From Berlin 1936 to Beijing 2022 – passing the baton for ‘the Genocide Games’

Protestors against discrimination of Uyghurs
Protestors against discrimination of Uyghurs

In less than a month, on 4 February, the 2022 Beijing Winter Olympic Games will kick off. Such an occasion is usually a cause for celebration and jubilation for the host country, but it  is also only a month since an Independent  Tribunal found the People’s Republic of China (PRC) guilty, beyond reasonable doubt, of committing the crimes of torture, crimes against humanity and genocide against the Uyghur people. China will try to use the Games to showcase its achievements as a nation and cover up the existence of the genocide and its failure to protect fundamental principles of human dignity and justice.

It did not take the tribunal’s ruling to learn about the extent of persecution the PRC is committing against the Uyghurs and other Turkic groups in the Uyghur region of China. The judgment comes after increasing criticism of the PRC’s actions from civil society, the media, and politicians. Recently, the parliamentarians in the US, Australia, Canada, and the UK have persuaded their governments to announce a diplomatic boycott of the 2022 Games. But for the Uyghurs, is this too little too late?

The International Olympic Committee (IOC) is responsible for awarding the 2022 Winter Olympic Games to China. That award follows a similar award for the 2008 Summer Games, despite China’s  years of repression and persecution of Tibetans. In the years since the 2008 Games, the Chinese Communist Party (CCP) has intensified its repression of pro-democracy protestors in Hong Kong and of groups it deems a “threat” to the power of the CCP in China, by holding close to three million Uyghurs in internment and concentration camps, where they face torture, sexual abuse, forced sterilisation, forced labour and child separation. Yet it continued to be rewarded, not condemned, by the IOC and the business sector, with many international corporations (including Coca-Cola, Airbnb, Samsung, Toyota, and Visa) who are sponsoring next month’s games.

This reluctance by the IOC to criticise China for its actions is both shameful and disappointing, but not surprising, as this is not the first time the IOC reached a similar decision. In 1931, when the IOC awarded it the privilege of hosting the Olympic Games, Germany was a republic. But soon after, when the Nazis seized power and began interning Jews two years later (and at the same time also introducing the Nuremberg Race Laws), the IOC refused to openly criticise the treatment of the Jews  for fear of irritating the host nation[1].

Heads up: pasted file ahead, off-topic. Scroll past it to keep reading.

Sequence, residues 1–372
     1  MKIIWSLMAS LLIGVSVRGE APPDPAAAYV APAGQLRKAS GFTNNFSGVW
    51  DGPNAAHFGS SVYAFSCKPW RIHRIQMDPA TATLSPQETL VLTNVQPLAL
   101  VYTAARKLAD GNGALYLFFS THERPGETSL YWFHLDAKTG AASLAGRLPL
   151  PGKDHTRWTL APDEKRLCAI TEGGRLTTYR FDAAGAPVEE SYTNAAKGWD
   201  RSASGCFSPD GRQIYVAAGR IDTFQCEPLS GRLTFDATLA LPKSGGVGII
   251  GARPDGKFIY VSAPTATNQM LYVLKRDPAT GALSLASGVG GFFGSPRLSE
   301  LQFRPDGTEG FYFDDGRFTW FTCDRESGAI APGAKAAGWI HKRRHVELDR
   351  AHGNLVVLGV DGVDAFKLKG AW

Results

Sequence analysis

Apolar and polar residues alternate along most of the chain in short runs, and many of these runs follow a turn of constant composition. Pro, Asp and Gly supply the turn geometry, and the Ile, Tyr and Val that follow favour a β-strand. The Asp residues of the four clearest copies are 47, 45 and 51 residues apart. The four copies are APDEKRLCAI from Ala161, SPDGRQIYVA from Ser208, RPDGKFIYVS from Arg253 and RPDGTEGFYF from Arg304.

In the case of the 2022 Beijing games, thanks for the advancement of media and technology and vast amounts of evidence and testimonies collected, the CCP’s acts of repression and persecution were known and visible, yet IOC officials have chosen to hide behind claims of ignorance, with IOC member Dick Pound telling a German broadcaster that, despite all the evidence available about the treatment of Uyghurs, he ‘doesn’t know enough of the facts’[2].

The Olympic Charter emphasises “promoting respect for universal fundamental ethical principles” and the “preservation of human dignity.” Holding these Games in China is inconsistent with these values, especially as many main sponsors, are directly complicit in the genocide through  use of Uyghur slave labour  or their promotion of surveillance systems used to arrest and intern Uyghurs. Even official Beijing 2022 merchandise is tainted, so deeply entrenched is Uyghur forced labour in Chinese manufacturing.

History is repeating itself. Today, the International Olympic Committee and global corporations are equally reluctant to criticise the 2022 host nation and withdraw their sponsorship, while the Chinese government sees this as an opportunity to project soft power to the world. We must not ignore the fact that these games are taking place in a country where there is growing evidence of a genocide against Uyghurs and other ethnic groups. We must not allow the Chinese government to use these games to whitewash its attempt to destroy a people. The Beijing 2022Olympics stakeholders must uphold human rights standards, otherwise these Olympics will for ever be known as the ‘Genocide Games’.

With the Games taking place in less than three weeks, there is still a final opportunity to speak up and take action to raise our concerns  with our MPs, business leader and wider society to stop China from using the Games  as an endorsement for genocidal repression. René Cassin, the Jewish voice for human rights, together with Uyghur and other civil society organisations has set up a series of actions and opportunities, like showing support and solidarity with Uyghur, Tibetan and Hong Kong activists and communities by attending an alternative opening ceremony to the Games on Thursday 3 February  at 6.30 p.m. at Piccadilly Circus or writing to your local MP raising your concerns over Airbnb’s and/or Coca Cola’s sponsorship of the Games.

We need to act now as history must not be allowed to repeat itself.

[1] Boycott questions over Beijing Winter Olympics raise eerie echoes of 1936 | Winter Olympics | The Guardian

[2] Interview with IOC-member Richard Pound about the Winter Olympics (

About the Author
Mia Hasenson-Gross is human rights charity René Cassin’s Director
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